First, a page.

So, what are peppers?
Green peppers, also known as bell peppers or sweet peppers, are beautifully bell-shaped fruits (not vegetables) with either three or four lobes, and with a glossy, wax-like exterior that comes in a rainbow of vivid colors. They can be green, red, yellow, orange, purple, purple-striped, brown, black and even white. The green varieties have a slightly bitter taste, while the other, rather dramatic, colors are generally much sweeter with an almost fruity flavor. However, they all are from the same plant, Capsicum annuum. which belongs to the nightshade (Solanaceae) family of plants, along with chili pepper, cayenne pepper, eggplant, tomatoes, (all of which are fruits, not vegetables) and potatoes, which is a root vegetable.
This name is also used to refer to wax peppers, cayenne peppers, chili peppers, and jalapeno peppers, which can create a bit of confusion, but they are all simply “cultivars” of the same plant, not different species.
Sweet bell peppers can be grown nearly any climate and as such, are popular around the world, even in home gardens. China is the largest producer of bell peppers, and in 2007 produced 14 million metric tons. Mexico is the second largest producer at about 2 million metric tons, with the United States in third place with approximately 1 million metric tons from California and Florida.
But no matter where they come from, the green bell peppers that you find in the produce department are not required to be labeled to tell you what you are truly getting. They may actually be immature, non-ripe versions of any of the other color varieties.
How is that possible?
Most of the bell pepper cultivars start out producing green fruit that is harvested before maturing along their full color spectrum. This is because it takes longer for the other colors to ripen and growers want their profits sooner. This is why the other colors often have a higher price.
Additionally, when peppers are picked while still green, the seeds have not matured enough to reproduce, so the main plant keeps producing more fruit. When the fruit is allowed to stay on the bush until ripening to another color, this signals the plant that additional fruit is not needed, which leads to a lower yield per plant.
A foliar spray with a compound known as ethephon may be used to speed up early ripening and color shifting, and may also be used on partially ripe fruit at the end of the growing season.
However, not all bell peppers start off green, nor do green bell peppers always mature into other colors. And, of course, to confuse matters, most green bell peppers will turn red, but they may be optimally ripe in one color before shifting to another color.
Only time will tell, but don’t wait too long to find out because there is a delicate balance regarding ripeness at the time of purchase. If a bell pepper is ripe, it can lose up to 15% of its vitamin C over a 10-day period in the refrigerator and up to 25% of vitamin C over 20-days of refrigerated storage. However, if they are not ripe, the vitamin C and carotenoids will actually increase with refrigerated storage over the next 10 days. As you can see, they can be stored for fairly long periods of time, but their vitamin C may change in the wrong direction if you wait too long before eating them.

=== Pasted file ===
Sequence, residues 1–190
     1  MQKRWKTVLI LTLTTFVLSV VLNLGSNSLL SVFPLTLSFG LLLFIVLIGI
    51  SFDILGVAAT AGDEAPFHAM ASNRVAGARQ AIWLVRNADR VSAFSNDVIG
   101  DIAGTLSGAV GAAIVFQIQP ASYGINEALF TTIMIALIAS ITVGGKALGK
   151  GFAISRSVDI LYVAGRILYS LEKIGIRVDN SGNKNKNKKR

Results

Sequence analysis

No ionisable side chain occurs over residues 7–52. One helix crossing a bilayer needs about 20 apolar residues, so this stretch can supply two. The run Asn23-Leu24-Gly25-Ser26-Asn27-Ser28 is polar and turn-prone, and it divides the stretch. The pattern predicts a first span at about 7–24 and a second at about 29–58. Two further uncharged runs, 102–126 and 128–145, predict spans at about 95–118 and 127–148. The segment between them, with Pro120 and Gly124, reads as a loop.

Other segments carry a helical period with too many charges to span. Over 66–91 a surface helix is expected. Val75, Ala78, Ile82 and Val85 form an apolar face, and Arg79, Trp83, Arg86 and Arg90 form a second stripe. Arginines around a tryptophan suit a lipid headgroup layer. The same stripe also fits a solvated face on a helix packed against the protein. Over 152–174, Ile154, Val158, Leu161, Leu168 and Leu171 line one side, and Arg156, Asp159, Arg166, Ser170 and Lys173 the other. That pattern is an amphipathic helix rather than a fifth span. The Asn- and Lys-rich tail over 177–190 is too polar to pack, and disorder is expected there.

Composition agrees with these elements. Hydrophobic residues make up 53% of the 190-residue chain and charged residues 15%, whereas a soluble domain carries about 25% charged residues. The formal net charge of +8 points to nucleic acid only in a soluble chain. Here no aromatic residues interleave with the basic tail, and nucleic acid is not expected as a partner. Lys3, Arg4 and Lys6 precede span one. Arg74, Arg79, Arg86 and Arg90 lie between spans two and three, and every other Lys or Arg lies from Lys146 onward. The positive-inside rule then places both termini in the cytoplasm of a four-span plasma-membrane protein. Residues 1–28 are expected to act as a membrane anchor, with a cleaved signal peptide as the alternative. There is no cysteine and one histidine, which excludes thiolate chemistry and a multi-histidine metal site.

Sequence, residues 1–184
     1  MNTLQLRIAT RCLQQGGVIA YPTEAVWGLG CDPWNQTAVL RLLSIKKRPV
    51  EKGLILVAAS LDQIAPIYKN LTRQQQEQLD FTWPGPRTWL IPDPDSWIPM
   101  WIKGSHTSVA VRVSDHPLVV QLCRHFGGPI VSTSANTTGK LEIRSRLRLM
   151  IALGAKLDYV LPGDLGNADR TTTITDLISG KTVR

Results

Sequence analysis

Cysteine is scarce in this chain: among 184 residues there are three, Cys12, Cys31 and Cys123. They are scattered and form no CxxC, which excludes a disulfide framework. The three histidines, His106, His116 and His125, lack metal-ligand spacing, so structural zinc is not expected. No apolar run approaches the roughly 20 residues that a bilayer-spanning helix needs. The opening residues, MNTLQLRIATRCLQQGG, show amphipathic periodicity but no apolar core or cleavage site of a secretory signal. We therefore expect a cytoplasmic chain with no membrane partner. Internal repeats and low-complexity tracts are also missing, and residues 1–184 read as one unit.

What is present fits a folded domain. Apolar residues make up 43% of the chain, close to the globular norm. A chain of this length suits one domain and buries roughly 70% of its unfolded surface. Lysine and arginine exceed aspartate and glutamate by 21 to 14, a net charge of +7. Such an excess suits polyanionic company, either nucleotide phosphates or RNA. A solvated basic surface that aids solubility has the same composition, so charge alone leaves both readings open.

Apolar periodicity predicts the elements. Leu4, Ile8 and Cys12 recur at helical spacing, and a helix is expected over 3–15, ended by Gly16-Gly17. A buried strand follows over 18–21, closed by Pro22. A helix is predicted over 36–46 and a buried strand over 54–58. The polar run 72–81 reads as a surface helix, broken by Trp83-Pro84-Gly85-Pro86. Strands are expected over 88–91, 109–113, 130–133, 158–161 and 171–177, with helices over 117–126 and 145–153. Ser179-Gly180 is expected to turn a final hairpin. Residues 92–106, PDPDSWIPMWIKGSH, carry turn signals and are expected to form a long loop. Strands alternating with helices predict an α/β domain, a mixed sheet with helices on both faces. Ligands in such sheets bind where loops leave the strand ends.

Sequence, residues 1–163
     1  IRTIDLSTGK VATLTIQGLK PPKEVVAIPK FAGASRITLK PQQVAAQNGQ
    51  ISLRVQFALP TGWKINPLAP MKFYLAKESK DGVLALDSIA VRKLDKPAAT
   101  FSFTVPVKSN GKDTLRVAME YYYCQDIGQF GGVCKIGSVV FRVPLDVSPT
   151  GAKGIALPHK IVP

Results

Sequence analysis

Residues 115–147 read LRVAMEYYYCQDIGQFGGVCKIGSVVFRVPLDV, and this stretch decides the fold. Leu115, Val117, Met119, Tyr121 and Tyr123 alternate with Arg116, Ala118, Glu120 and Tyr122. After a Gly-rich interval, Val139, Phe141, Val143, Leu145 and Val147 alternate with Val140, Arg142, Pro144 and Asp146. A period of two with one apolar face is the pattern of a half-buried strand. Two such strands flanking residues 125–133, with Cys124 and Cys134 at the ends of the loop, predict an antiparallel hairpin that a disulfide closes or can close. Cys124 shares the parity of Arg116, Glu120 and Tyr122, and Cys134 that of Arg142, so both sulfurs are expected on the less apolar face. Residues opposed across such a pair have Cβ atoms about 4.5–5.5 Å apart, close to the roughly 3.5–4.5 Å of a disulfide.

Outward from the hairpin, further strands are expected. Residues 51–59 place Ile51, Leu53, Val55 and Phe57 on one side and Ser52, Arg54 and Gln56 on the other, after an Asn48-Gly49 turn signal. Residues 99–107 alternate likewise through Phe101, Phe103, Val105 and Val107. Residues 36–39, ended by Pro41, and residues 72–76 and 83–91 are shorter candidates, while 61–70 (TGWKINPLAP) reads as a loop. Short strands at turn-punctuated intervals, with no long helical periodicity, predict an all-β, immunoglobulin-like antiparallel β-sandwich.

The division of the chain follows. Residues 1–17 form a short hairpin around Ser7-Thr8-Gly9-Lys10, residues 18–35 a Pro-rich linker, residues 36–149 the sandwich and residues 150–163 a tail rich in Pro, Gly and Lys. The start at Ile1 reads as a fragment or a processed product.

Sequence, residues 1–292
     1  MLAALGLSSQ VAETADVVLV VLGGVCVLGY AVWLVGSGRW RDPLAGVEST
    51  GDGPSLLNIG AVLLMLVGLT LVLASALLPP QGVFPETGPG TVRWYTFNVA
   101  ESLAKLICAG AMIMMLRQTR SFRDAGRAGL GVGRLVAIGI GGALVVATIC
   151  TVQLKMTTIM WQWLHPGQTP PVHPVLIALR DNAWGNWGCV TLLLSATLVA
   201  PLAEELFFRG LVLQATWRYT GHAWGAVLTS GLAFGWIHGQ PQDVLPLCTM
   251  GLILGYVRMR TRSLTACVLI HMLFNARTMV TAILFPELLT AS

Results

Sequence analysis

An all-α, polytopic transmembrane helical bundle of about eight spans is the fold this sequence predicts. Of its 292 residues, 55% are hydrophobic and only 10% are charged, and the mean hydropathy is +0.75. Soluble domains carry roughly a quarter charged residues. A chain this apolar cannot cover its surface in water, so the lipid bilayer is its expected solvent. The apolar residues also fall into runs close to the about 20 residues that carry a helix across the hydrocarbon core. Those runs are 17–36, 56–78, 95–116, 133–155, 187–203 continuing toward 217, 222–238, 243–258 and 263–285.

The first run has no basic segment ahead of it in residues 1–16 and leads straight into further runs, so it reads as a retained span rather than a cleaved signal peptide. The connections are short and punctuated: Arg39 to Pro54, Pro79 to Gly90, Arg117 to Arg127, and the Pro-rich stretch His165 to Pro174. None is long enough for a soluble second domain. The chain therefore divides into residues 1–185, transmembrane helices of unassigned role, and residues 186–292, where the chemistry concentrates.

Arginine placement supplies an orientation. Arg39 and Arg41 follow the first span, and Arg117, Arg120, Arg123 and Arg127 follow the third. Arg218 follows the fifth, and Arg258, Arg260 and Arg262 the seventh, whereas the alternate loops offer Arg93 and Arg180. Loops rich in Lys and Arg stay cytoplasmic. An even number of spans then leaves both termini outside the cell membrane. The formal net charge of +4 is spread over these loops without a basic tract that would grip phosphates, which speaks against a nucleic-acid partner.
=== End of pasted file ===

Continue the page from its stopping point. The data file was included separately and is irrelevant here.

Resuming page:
Fortunately, bell peppers can be eaten at any stage of development so you can have any color you wish in your salad, or on your pizza and, of course, they tend to have more flavor when they are optimally ripe, assuming you can figure out when that actually is. There is no hard and fast rule for determining ripeness from the outside other than just texture, firmness and a well-hydrated weight. Inside, you may be able to tell by the maturity of the seeds, but grocers frown on cutting into peppers while still standing in the produce department.
A few of the other colors of the bell pepper rainbow:
The purple sweet bell peppers run the gamut of both colors and healthful goodness simply because they are darker than the other peppers. They contain anthocyanin pigments which are a type of flavonoid antioxidant that appears only in dark red, blue and purple fruits and vegetables. It is believed to be a cancer-fighter and also responsible for protection from developing coronary heart disease. Blueberries and red wine are most notable in these effects. The deeper the color, the greater the possible health benefits of the dietary antioxidants within the peppers, which are already fantastic to begin with.
For peppers that turn purple on the plant, it is an intermediate phase between green and red, lasting only about seven to 10 days. Here are some of the most notable “purple peppers” and their color phases:
“Lorelei,” “Purple Belle” and “Violetta” are small bell peppers that start green, shift to purple and then to a final red. “Secret” and “Islander” are larger and do the same.
“Tequila” starts out as a yellow pepper, changes to purple,and then turns red at full ripeness.
“Purple Beauty” is the most widely grown of the purple peppers and is ready to eat when the fruit turns dark purple or almost black, while retaining a green undertone.
“Merlot” peppers start out as green, shift to white, and then develop purple stripes that eventually merge to cover the whole fruit. The flesh inside is lime green.
Chocolate bell peppers are considered to be purple peppers by growers, but “Sweet Chocolate,” is a medium-sized chocolate-brown pepper with a flesh that is cola-red inside.
Blue bell peppers are mysteries because there are vague references to them, but not enough information given to know if they actually exist, and they may turn out to be purple.